Do This! Not This! ~ Downward Dog ~

I'm excited to introduce my first installment of "Do This! Not This!" Throughout the month of February, I'll be posting how to safely do yoga poses, AND achieve the maximum physical benefit from proper alignment. Check back regularly for more poses as the month continues -- or follow me on Instagram (@yogigoup).


  • Start in plank pose (shoulders over wrists), neutral spine, heels over toes. By starting in plank, you'll have the right spacing between hands and feet.
  • Root down through each knuckle and press down firmly into the thumb and index finger to relieve pressure in the outer wrists. Minimize the space between your hands/fingers and the mat.
  • Drop your head to release tension in the neck. Gaze toward your feet.
  • Wrap your upper arms toward each other (triceps turn toward the ground, biceps spin toward the sky).
  • Unshrug your shoulders and broaden the upper back. Hollow out the armpits - sounds weird, but look at your armpits and try to create a divot-like space.
  • Lengthen your spine! Downward dog is about spinal extension NOT flexion. This means we want the spine to be long without a curve in the lumbar (low) spine.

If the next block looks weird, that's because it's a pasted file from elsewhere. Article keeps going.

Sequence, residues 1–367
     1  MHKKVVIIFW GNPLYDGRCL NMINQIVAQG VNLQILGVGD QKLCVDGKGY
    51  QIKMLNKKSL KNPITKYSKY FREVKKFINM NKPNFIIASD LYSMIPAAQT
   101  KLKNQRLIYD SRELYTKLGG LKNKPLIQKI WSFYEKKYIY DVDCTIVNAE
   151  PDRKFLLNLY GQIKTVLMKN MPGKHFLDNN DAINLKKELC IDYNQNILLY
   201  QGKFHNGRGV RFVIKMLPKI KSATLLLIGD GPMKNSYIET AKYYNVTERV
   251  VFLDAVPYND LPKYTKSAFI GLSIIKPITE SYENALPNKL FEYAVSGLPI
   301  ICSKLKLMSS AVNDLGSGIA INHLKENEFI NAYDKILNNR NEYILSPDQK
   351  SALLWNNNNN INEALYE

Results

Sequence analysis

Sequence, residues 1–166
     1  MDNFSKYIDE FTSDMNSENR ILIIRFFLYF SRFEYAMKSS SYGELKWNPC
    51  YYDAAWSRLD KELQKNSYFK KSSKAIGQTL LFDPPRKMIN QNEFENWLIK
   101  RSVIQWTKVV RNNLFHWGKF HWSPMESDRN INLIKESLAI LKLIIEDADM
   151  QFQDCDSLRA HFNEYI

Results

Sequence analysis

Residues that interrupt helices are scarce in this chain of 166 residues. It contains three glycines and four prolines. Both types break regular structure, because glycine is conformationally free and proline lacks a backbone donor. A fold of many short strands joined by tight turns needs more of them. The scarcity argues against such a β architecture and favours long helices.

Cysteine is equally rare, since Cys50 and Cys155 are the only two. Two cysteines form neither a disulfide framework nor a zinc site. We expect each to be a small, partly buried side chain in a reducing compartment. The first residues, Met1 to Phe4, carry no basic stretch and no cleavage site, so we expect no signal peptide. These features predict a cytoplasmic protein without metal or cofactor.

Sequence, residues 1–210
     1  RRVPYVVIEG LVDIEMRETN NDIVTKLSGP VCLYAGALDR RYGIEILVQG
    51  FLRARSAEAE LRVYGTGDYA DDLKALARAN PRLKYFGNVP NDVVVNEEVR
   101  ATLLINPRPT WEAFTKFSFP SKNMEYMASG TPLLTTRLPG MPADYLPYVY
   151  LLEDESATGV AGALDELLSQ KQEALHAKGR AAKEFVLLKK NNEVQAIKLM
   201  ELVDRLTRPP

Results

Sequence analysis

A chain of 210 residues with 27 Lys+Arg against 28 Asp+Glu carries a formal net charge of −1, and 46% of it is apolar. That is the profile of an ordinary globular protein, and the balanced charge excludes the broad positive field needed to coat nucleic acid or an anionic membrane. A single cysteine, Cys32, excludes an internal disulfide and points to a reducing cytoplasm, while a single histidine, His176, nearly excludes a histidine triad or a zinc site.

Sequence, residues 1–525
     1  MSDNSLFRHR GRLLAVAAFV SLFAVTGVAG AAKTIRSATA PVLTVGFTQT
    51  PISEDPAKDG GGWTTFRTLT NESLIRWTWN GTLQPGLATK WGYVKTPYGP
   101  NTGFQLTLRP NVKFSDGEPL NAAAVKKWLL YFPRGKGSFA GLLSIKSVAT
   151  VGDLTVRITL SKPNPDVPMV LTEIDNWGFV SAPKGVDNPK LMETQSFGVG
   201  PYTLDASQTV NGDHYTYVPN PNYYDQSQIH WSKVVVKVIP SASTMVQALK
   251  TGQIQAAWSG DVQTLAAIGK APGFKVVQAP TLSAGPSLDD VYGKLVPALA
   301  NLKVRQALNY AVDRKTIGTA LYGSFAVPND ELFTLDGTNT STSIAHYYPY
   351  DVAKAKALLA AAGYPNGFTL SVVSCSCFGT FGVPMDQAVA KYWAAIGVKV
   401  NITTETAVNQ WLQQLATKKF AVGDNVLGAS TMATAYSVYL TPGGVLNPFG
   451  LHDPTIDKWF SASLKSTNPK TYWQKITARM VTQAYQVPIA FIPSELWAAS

• Tilt the sits bones to the sky (slight anterior tilt of the pelvis). AVOID tilting the sits bones to the heels (posterior pelvic tilt) as it will force the lower back to round.
  • Tight hamstrings? Bend your knees! This is crucial to maintain a neutral spine. The hamstrings will lengthen with consistent practice, and soon enough you'll find you can straighten the knees without compromising the spine. Don't be in a rush!
  • Turn the inner thighs to the sky. Spin the inner ankles back. Press the outer ankles down. 
  • If possible, press the center of each heel to the mat. Don't worry if your feet don't yet touch the ground. Remember, bent knees and lifted heels may be necessary to ensure spinal length. 

I always say "practices makes possible" NOT "perfect." Practicing yoga (asanas) is not about perfection. But we must stay safe as we move into various poses. So be mindful, put in the work, and enjoy the journey.